Subdrop.
The low after the high.
The ruthless nemesis of the Flutterby.

Basically put, subdrop is a phenomena which occurs in the hours/days after a scene where the endorphin high experienced during play wears off. The problem with trying to quantify it is that it’s an individual experience, and affects everyone differently. Some don’t experience it at all, some crash with a vengeance. I can only relate my own experiences.

The highs Sir gives me are incredible. Looking, now, at the marks which currently adorn my skin, I smile and sigh, remembering how each one came about, remembering the phenomenal rush, how I was completely lost to the sensations. But after the high, there is a gravitational pull on both a psychological and physiological basis. What goes up simply must come down, right?

I have been known to plummet, spectacularly, enduring lethargy and disinterest in the goings on happening around me, purposefully cutting myself off from Sir on an emotional level, stubbornly refusing to communicate the fact that I was experiencing drop, feeling angry and resentful. Why? I can’t answer that. Irrationality tends to be my close companion during those times. Trying to analyse it simply leads me further down into the abyss.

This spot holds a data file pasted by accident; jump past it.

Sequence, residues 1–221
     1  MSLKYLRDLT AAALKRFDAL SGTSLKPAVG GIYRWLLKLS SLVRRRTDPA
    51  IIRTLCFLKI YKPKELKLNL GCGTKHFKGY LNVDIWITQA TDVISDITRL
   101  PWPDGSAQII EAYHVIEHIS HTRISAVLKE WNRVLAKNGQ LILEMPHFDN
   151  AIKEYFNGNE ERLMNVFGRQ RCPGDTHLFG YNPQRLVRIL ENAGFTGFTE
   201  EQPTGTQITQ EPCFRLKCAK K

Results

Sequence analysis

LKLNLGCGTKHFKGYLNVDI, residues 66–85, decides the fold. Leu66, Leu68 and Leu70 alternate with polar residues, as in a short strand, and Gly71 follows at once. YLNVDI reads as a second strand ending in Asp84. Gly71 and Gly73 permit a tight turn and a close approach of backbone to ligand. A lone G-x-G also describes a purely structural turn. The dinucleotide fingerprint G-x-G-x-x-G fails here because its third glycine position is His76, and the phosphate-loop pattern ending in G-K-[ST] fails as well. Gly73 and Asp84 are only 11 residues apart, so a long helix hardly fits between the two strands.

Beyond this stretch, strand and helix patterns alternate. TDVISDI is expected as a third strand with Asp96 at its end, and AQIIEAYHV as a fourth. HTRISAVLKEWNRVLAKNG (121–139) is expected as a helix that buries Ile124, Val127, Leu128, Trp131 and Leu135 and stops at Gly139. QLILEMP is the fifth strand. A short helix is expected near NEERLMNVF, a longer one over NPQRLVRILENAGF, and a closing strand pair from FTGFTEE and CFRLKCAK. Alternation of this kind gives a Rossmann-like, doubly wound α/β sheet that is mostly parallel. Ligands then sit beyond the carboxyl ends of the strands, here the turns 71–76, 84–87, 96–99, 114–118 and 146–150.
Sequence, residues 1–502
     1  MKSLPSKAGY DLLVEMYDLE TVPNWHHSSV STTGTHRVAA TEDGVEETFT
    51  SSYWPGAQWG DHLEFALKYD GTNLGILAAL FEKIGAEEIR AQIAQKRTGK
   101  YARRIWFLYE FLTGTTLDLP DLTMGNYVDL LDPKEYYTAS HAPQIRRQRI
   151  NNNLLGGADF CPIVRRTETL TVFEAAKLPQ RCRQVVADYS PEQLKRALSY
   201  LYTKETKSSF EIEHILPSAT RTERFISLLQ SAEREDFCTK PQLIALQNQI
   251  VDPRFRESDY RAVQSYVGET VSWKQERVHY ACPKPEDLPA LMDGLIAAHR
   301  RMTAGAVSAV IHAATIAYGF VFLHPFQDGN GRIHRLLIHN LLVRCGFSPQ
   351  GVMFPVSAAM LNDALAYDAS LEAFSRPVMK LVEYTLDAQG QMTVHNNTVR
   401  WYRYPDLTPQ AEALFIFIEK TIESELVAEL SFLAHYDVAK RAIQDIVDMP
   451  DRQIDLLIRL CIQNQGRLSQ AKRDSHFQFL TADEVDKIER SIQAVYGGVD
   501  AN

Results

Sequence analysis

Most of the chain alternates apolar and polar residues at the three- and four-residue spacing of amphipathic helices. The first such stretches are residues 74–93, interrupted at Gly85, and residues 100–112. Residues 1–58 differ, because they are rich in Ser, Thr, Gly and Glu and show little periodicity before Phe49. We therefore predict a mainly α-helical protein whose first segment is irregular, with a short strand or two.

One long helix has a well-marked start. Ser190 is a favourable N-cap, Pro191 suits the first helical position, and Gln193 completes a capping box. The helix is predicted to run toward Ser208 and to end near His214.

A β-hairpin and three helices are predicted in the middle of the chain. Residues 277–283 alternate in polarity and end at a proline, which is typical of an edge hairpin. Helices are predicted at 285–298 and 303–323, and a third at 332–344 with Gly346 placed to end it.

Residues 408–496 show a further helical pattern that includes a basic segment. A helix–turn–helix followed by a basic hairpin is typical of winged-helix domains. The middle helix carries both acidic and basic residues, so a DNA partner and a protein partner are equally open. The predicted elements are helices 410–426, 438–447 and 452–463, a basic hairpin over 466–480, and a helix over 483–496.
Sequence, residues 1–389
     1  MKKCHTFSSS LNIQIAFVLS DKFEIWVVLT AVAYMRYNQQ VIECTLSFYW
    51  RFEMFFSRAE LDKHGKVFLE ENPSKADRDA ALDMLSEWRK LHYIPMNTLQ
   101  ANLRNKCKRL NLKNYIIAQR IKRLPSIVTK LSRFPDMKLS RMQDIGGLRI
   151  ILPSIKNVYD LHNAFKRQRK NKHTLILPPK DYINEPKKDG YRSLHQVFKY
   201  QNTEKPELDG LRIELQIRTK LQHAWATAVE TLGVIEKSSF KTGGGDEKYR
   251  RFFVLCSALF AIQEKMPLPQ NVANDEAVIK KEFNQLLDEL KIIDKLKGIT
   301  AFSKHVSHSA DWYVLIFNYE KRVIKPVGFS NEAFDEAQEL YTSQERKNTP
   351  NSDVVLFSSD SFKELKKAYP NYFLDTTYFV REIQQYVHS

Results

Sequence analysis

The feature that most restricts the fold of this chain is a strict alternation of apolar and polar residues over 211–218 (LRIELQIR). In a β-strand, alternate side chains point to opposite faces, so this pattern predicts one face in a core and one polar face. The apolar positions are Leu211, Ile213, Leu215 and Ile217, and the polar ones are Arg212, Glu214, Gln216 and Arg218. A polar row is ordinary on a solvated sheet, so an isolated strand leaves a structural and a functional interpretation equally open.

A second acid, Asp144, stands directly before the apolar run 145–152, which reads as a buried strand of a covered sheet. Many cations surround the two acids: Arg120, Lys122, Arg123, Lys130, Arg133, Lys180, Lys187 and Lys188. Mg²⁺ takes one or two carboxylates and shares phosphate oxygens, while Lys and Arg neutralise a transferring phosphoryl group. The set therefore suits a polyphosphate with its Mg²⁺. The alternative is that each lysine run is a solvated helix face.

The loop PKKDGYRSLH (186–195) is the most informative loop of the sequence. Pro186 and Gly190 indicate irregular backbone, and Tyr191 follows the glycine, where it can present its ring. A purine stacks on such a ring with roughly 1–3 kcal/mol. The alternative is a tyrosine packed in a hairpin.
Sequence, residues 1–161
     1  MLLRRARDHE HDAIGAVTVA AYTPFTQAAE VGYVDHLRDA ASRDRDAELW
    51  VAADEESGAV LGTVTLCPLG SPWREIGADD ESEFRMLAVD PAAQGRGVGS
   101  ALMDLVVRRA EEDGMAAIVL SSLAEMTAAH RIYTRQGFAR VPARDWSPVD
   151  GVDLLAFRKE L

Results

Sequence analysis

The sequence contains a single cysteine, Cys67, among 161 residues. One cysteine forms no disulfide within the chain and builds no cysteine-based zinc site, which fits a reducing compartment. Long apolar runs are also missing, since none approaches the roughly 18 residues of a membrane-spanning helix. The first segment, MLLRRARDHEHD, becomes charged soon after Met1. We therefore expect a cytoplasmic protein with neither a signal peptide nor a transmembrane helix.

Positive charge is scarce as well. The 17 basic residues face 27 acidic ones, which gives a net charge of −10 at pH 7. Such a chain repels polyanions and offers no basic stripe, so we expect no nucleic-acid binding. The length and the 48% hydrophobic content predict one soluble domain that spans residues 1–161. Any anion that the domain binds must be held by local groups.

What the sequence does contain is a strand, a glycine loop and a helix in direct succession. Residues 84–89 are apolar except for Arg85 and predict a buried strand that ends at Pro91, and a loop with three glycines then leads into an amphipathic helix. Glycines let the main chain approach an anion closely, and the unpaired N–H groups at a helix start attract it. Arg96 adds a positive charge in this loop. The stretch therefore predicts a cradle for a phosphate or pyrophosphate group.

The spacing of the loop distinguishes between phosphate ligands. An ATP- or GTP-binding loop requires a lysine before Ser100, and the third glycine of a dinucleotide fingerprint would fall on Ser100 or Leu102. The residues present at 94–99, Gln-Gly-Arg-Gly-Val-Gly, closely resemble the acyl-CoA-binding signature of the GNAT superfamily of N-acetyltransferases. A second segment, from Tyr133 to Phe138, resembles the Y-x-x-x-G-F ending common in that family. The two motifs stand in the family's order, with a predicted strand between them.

This time the drop was more gradual, like being lowered slowly onto a bed of nails. You know it’s going to hurt, but you’re more able to prepare for it. Sitting here now, composing this post, I feel incredibly tired, and tears aren’t very far away. But I know it’s simply the emotional release after the event, and I embrace it. Instead of fighting the tears, I allow them to fall. Instead of lashing out(quite as much), I express the fact that I’m struggling, and receive the comfort and reassurance I need. I trace the lines of the scratches on my skin and remember the exchange, and it helps me to still feel connected to him. This softens the impact of the drop significantly…..this time.

The fact remains that I like it when He hurts me.
I’m both a pain, and an endorphin junkie, it’s my drug of choice, and I accept that it has to be paid for in one way or another.

I despise it, but I accept it.
It’s the price one has to pay for playing as close to the edge as we sometimes do.